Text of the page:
As costs of fossil fuels rise, the still-high costs of solar power look less prohibitive, especially when various tax credits are factored in. Germany and Spain have been the leaders in that regard, while California is leading the way in the U.S. In the meantime, the increase in manufactured volumes means costs are coming down, particularly for the manufacturers that don't use silicon. Silicon is a major component of the traditional rigid framed photovoltaic modules, and silicon--like most commodities--is rising in price.
So which solar stocks deserve your attention ... and perhaps your money?
Solar Power Stocks
Following is my summary of all the publicly traded companies in the industry that I could find, in alphabetical order. There are now 17, and the number is growing.
Akeena Solar (AKNS 5 NSDQ) installs solar systems in California, New York, New Jersey, Connecticut and Pennsylvania. Revenues are growing--they hit $12.3 million in the first quarter--but there are no prospects of earnings in the near term and the stock, at 5, tells you risk is substantial. Akeena has the second-smallest revenues of the group, no barriers to entry, and the stock is near its all-time low. Forget it.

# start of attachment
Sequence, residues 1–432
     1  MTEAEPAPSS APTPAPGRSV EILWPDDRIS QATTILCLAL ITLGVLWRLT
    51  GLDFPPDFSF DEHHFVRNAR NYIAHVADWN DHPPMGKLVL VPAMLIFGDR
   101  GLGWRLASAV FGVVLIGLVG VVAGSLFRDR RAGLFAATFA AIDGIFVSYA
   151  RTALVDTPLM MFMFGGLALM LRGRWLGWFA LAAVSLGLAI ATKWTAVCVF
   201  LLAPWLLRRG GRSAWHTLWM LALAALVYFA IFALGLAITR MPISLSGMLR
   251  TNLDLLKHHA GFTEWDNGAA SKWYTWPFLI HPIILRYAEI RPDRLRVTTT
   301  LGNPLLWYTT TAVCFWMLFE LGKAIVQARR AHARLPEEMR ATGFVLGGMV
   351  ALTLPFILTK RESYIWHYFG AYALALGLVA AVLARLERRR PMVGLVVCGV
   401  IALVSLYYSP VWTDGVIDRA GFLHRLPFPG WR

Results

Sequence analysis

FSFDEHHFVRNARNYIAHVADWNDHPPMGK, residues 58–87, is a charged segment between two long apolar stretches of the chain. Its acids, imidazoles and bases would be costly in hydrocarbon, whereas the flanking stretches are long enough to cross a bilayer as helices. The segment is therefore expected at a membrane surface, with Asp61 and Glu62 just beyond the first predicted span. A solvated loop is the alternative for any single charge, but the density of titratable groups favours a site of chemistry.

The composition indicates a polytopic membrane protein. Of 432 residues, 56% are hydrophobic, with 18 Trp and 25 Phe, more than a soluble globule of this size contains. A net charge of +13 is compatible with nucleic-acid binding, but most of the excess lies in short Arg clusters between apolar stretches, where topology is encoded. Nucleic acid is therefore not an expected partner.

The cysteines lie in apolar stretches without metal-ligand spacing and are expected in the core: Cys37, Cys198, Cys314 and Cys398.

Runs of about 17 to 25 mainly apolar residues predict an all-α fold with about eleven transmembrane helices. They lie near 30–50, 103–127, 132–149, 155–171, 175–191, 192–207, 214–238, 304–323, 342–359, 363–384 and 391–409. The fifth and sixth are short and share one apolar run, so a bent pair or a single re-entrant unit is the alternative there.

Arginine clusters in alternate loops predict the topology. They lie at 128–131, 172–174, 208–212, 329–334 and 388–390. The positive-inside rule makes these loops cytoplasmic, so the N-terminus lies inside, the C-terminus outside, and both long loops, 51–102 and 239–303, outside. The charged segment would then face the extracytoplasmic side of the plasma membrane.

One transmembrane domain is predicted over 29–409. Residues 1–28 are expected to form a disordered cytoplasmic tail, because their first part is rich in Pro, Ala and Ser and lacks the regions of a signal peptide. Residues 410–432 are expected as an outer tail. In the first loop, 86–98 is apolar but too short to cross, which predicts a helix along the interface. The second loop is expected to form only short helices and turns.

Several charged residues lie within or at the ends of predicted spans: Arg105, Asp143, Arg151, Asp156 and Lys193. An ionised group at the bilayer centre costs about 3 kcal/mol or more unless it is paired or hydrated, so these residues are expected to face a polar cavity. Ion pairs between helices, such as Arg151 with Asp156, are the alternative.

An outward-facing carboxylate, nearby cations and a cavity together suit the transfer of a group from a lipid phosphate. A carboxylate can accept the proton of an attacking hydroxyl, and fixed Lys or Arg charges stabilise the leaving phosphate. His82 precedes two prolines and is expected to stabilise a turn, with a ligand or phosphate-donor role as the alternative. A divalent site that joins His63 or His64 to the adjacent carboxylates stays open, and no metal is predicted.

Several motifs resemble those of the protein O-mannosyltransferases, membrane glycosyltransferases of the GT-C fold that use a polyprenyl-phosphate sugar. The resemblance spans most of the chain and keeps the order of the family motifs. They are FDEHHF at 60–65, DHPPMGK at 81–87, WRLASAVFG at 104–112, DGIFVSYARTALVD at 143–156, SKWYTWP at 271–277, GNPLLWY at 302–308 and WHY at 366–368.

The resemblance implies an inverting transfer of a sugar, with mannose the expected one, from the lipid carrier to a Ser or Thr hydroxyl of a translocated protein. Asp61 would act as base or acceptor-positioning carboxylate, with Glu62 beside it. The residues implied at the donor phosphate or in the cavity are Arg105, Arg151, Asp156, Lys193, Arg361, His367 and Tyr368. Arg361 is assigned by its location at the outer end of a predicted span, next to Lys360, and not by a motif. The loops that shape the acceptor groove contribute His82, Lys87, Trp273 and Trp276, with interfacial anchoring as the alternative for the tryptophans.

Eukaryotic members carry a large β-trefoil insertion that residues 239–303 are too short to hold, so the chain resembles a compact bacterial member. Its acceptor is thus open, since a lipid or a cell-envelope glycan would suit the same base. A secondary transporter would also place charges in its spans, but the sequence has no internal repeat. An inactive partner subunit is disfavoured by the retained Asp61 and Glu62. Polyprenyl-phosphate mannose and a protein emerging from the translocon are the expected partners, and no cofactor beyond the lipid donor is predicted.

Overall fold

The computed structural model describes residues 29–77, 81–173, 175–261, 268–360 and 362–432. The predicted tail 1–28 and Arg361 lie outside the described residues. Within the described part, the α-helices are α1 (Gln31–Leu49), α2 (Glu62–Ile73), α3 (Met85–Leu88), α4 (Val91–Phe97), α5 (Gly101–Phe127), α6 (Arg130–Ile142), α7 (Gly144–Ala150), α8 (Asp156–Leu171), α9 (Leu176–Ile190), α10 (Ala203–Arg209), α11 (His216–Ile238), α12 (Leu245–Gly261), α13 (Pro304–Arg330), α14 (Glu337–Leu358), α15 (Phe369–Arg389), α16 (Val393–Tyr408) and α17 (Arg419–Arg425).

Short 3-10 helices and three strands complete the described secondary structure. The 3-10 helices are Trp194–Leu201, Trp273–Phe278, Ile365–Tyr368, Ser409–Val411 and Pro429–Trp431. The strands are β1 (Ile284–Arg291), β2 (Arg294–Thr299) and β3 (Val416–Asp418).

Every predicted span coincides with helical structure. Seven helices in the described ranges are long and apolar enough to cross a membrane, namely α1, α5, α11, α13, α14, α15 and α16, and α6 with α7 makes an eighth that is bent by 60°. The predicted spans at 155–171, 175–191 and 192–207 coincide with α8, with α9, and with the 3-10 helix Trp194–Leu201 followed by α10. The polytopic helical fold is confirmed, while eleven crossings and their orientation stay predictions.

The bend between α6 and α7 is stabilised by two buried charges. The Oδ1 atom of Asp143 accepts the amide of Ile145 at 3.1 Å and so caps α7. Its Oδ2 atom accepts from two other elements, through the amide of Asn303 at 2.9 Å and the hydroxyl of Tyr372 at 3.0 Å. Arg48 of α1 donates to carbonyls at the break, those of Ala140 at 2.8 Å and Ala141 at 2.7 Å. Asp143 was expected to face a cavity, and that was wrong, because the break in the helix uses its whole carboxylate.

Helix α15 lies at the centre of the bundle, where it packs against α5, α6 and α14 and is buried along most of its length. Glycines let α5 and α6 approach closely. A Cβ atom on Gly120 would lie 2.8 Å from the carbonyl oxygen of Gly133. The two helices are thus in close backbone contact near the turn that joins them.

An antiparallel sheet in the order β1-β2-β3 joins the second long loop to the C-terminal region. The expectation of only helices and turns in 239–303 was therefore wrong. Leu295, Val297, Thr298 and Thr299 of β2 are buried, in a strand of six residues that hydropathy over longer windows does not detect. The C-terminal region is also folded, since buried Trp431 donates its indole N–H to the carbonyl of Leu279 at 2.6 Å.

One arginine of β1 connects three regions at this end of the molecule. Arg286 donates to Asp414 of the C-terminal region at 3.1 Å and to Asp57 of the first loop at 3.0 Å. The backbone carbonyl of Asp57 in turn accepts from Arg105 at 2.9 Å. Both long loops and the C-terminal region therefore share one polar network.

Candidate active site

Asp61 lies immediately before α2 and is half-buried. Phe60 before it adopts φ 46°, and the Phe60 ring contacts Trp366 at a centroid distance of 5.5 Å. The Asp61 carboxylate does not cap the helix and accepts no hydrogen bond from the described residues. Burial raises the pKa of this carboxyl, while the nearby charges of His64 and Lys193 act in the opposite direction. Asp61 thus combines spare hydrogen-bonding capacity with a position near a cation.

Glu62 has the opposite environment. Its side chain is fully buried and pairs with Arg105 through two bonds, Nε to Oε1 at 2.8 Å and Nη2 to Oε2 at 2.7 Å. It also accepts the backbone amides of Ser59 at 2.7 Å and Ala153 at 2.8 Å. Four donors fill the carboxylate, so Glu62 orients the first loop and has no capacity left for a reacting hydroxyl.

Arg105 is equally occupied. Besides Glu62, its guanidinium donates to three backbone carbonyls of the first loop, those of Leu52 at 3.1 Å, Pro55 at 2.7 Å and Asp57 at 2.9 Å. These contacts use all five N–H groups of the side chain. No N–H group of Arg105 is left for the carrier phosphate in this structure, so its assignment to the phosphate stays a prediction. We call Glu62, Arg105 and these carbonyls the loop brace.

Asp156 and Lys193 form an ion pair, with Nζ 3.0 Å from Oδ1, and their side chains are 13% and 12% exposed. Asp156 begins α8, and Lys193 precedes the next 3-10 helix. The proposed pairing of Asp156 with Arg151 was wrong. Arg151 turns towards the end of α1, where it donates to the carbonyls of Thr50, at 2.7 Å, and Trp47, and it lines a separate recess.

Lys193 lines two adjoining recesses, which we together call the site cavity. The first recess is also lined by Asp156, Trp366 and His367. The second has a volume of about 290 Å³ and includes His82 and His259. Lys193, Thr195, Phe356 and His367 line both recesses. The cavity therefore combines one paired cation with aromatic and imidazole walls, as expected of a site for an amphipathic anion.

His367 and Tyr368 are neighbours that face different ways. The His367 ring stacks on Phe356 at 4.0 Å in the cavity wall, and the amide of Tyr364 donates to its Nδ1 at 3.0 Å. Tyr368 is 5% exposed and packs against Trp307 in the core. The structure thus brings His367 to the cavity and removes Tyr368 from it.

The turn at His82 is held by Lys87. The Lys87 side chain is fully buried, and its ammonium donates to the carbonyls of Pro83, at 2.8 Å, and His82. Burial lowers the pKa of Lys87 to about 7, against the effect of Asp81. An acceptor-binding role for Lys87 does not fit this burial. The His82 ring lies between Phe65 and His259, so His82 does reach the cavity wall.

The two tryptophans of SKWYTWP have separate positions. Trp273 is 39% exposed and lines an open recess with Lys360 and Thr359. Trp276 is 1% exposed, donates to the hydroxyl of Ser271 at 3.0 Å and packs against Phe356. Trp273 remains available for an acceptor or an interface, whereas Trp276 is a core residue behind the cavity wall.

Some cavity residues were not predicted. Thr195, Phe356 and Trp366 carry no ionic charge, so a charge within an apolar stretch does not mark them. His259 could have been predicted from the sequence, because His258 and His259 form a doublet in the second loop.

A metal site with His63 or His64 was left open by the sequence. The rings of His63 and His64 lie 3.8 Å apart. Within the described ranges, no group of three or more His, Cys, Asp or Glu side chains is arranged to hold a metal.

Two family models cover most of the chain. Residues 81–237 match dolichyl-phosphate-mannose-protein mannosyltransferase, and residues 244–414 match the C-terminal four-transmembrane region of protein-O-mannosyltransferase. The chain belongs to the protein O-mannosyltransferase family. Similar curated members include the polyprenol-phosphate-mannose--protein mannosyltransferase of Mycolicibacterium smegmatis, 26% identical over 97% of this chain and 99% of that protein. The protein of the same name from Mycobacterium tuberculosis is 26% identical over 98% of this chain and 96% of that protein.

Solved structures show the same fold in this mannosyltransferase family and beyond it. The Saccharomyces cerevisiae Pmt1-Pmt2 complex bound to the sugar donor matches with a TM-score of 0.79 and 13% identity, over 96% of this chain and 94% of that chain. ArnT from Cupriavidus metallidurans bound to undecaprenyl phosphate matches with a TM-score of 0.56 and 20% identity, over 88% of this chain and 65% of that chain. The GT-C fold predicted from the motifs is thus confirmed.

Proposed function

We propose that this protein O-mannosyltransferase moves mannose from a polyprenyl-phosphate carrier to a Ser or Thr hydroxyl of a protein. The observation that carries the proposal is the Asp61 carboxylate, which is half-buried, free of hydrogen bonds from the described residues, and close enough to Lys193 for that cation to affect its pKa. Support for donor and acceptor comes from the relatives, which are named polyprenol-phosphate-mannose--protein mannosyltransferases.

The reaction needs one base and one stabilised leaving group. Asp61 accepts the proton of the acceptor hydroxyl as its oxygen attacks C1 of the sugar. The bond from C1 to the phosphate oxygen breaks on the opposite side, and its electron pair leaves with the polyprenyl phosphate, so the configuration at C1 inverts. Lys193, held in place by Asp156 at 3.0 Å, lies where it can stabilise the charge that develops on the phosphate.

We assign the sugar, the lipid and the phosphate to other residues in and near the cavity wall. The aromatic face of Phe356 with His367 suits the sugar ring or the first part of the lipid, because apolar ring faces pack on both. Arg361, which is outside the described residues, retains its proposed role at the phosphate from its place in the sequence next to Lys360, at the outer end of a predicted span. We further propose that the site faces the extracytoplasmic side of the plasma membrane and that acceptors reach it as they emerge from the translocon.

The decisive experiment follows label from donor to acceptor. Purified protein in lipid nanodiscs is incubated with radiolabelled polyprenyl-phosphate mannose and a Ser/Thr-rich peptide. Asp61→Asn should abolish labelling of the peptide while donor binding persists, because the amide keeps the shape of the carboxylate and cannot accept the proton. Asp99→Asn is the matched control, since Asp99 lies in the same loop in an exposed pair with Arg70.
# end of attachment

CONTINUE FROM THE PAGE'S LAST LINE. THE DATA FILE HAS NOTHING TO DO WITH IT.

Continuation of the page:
Ascent Solar Technologies (ASTI 9 NSDQ) designs photovoltaic system for satellites and near-space aircraft. Revenues are tiny ($300,000 in the first quarter), and there's no sign that demand is increasing. Irrelevant.
Canadian Solar (CSIQ 35 NSDQ) is headquartered in Vancouver but operates solar module factories in China ... and business is booming. In the first quarter, revenues grew 879% to $171 million, and earnings swung from a loss of two cents to a profit of $0.65 per share. The stock is just three weeks off its all-time high. Impressive.
China Sunergy (CSUN 8 NSDQ) makes silicon solar cells in China and sells them to module makers worldwide. But revenues grew only 32% in the first quarter, and the stock is six months (and 63%) off its high. Disappointing.
Daystar Technologies (DSTI 4 NSDQ) of California has been working on a thin-fill solar cell based on Copper-Indium-Gallium-Selenide. The stock is up from its March low of 2, telling us some investors think this technology has merit. Dissuading us, however, are three factors. The stock is well off its all-time high of 18, revenues are less than $1 million and the price is down in high-risk territory. Small-fry.